Arctic melt is a seasonal process. Each winter, sea ice builds up in the Arctic Ocean basic, and each summer, most melts away. The ice that survives the summertime melt to see another winter, deemed perennial ice, is usually thicker and more resilient than the rest, more likely to stick around through future summers.
Yet as global warming intensifies, a shocking animation from the National Oceanic and Atmospheric Administration shows, the amount of perennial ice in the Arctic is on the dramatic decline.
The video condenses it down to just one minute. But the real-time rate of loss over the past several decades is alarmingly rapid: in the 1980s, according to NOAA, 26 percent of the ice pack consisted of ice that was at least four years old; by March 2014, it had become "extremely rare," making up just 10 percent of the pack. And this counts as an "upswing": in 2012 and 2013, perennial ice was down to just seven percent. That these changes are so dramatic can be attributed to the fact that the Arctic is heating up at about twice the rate as the rest of the planet; many experts say that we'll see ice-free summers within our lifetimes.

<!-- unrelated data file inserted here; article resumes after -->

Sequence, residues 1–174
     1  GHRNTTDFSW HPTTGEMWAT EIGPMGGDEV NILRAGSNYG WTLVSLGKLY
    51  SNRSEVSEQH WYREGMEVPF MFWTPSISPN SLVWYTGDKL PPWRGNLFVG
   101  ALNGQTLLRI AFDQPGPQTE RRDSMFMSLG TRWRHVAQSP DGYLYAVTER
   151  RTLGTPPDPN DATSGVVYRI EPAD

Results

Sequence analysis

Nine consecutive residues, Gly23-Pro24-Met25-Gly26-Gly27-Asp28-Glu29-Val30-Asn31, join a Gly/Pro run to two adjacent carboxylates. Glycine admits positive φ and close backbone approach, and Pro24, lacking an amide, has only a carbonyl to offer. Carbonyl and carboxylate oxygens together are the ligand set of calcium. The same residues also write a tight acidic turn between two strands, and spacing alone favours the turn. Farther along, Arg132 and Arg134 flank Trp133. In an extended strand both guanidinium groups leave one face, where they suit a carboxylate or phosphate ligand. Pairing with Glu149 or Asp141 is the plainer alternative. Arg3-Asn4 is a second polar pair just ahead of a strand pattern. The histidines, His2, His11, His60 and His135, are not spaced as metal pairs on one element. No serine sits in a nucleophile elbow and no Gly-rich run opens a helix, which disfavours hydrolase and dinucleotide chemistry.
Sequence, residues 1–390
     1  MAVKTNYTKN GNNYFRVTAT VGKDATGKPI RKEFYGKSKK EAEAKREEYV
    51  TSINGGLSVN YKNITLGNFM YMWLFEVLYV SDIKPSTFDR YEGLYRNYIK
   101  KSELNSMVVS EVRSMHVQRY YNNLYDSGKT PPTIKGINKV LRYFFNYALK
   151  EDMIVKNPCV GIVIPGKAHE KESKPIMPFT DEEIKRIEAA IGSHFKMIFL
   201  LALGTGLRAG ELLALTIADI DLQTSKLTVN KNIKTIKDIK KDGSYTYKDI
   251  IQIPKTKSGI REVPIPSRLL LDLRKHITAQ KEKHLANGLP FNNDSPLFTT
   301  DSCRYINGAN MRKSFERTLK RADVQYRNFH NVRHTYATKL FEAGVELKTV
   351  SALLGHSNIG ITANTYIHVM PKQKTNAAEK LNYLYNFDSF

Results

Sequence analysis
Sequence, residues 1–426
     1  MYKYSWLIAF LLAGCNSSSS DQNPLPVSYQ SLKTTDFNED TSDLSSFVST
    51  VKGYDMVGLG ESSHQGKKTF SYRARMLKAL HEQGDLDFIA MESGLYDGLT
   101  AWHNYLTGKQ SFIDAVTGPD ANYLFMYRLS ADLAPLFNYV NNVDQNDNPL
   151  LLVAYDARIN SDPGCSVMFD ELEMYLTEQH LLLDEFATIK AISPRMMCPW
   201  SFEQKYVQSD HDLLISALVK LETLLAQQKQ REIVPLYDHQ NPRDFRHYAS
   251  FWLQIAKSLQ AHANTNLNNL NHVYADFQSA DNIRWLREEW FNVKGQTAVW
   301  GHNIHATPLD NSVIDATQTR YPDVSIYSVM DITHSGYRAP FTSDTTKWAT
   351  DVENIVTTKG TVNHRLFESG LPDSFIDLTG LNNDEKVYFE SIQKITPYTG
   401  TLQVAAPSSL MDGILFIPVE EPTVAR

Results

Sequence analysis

Here's more from NOAA on what's going on:
East of Greenland, the Fram Strait is an exit ramp for ice out of the Arctic Ocean. Ice loss through the Fram Strait used to be offset by ice growth in the Beaufort Gyre, northeast of Alaska. There, perennial ice could persist for years, drifting around and around the basin’s large, looping current.
Around the start of the 21st century, however, the Beaufort Gyre became less friendly to perennial ice. Warmer waters made it less likely that ice would survive its passage through the southernmost part of the gyre. Starting around 2008, the very oldest ice shrank to a narrow band along the Canadian Arctic Archipelago.
Watch for the white stuff -- that's the ice that's more than nine years old -- and check it out below: